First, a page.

Best of Deals Car Reviews Repair Shops Cars A-Z Radio Show

Rebuilt Flood Cars (Subaru)


Sorry but it seems like you’re not wanting to hear us…

Also, he states he will “replace anything that got wet”.

He is lying, of course. Or does he replace the entire drive train and wiring harness?

Just putting in dry seats and carpets is nothing.

I believe he replaces those drive train components with crash cars from a junkyard. Kind of Frankenstein style I believe

That seller claims to be replacing engines and transmissions along with everything else and I’m not buying that line.

Let’s assume he’s replacing engine and transmission and differentials (which I, also, doubt, and which will be used of who knows what condition) - what about the wiring and electrical components? That’s been my problem from post 1. Water (fresh or ESPECIALLY SALT) that gets into any of the dozens (hundreds?) of connections will begin to cause corrosion. Damage won’t show up for weeks/months, at which point you’re on your own to track down problems that will be near impossible to find and fix.

Like I said, RUN AWAY.

Thought I posted something like this but it didn’t take…

In our first correspondence, he replied with this email, when I asked what made them salvage for him to rebuild

He is a good salesman and makes some compelling and maybe valid points. The concern is that there is a lack of supporting evidence.

I keep tossing back and forth- which will have the first, and more expensive problems- a 9 year old car with 105K miles, or a 5 year old car with 45K miles that got flooded but supposedly everything wet replaced with dry crash-car parts?

If the replacement part is true, it makes them much more comparable. If not, then of course I’d rather spend my money elsewhere, too.


We have rebuilt several hundred Subarus. (Nothing else). Right now, we are rebuilding primarily flood cars because of Hurricane Sandy. In short, we gut a flood car to above the water line, thoroughly wash the painted shell, then use a collision Subaru (what we call the organ donor) to repopulate the flood shell. If it got wet, it comes out. It takes three techs about a week to convert a car. On this particular '07, I have personally driven it highway and around town for over 100 miles. Unless I told you, or you saw the title, even you, an experienced car guy, would not know the car was other than original.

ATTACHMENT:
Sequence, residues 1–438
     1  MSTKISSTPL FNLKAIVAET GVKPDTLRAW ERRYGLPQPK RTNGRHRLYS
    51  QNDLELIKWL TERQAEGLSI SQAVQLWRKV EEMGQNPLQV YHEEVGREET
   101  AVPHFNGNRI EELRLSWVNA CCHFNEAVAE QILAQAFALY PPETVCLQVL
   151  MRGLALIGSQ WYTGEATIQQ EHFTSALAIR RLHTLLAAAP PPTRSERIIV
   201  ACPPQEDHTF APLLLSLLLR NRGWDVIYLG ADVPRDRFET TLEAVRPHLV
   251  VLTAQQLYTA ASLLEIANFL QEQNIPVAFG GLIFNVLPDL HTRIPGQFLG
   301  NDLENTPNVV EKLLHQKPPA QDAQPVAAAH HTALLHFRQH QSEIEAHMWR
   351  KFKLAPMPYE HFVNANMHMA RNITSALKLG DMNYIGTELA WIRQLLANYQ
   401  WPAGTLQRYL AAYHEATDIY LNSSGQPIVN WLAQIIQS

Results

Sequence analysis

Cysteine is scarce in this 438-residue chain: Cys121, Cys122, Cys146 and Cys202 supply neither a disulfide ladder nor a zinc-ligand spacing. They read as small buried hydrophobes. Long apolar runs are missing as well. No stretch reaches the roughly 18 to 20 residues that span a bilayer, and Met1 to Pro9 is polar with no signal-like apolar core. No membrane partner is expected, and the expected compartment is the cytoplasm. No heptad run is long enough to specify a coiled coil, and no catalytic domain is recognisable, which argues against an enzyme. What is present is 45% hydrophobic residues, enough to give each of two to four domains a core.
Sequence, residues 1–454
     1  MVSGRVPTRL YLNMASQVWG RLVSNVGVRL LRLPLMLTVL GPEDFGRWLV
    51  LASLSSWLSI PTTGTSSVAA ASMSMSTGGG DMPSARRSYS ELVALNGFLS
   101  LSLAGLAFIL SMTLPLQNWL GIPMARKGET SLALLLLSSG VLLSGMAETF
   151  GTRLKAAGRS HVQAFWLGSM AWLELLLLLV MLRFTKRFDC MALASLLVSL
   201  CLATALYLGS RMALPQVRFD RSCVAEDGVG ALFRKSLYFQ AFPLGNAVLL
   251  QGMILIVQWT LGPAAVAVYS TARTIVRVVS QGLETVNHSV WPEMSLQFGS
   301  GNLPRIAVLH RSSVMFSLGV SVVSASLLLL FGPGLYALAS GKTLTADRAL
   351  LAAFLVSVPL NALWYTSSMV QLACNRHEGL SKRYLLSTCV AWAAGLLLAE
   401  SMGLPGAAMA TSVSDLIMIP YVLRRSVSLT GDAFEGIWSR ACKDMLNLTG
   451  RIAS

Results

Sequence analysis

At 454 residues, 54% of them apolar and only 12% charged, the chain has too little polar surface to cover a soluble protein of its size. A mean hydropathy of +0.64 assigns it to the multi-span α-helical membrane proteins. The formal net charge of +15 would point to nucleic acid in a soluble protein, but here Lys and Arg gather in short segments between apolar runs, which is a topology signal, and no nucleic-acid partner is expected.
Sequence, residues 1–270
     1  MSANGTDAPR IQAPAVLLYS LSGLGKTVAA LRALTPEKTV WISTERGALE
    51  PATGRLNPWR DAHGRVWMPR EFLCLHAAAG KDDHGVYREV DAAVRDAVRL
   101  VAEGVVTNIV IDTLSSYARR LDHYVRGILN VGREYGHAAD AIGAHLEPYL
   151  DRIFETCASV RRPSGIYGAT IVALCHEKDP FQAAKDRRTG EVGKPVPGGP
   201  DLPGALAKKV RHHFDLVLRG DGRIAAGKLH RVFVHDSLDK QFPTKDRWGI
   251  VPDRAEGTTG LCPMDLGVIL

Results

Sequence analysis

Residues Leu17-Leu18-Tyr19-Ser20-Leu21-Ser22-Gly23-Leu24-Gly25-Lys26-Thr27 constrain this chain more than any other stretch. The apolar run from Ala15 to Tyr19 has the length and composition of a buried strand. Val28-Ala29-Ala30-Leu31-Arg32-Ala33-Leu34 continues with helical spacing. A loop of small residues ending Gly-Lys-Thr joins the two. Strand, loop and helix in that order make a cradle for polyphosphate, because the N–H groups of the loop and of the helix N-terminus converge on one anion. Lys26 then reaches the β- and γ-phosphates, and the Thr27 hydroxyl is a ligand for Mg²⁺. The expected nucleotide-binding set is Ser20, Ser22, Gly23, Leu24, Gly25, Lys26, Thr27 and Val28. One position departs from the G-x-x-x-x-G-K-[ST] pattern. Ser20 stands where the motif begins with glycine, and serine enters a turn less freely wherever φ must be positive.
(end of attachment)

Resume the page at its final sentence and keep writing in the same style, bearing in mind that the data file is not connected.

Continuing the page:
It’s funny, people are scared to death of flood cars, but if you think about it, it is the best rebuild. (Our usual rebuild is often collision, and our techs are the ones who concluded the flood rebuild was a better reconstruct.) This is true because, when done, the car has no structural damage, no wet components, and is therefore truly a recycled Subaru. Once the car is built, we do the same 152 point certified checklist that Subaru uses in its certified used car program. Indeed, our cars are better than used because we have literally handled every single component in the car and know it is fresh, right and tight.

Our cars are the quality that they appear to be. Although we only recently started marketing on eBay, we have sold many quality Subaru rebuilds locally and our customers are satisfied.

Let me know if you have any further questions.



I’m not tossing off any opinions or advice, trust me. I’m just as nervous of the idea as you. But when my options are a twice-as-old car with 2.5x the miles, the options seem to level out a bit more.

Combined with the fact that I bought for my first car, a low miles but 12 year old car (Audi), and still had problems. Seals and gaskets are going bad, which then directly affects electronics when water starts creeping in places it shouldn’t. I watched water drip from the dome light because I’d parked it at a sharp angle.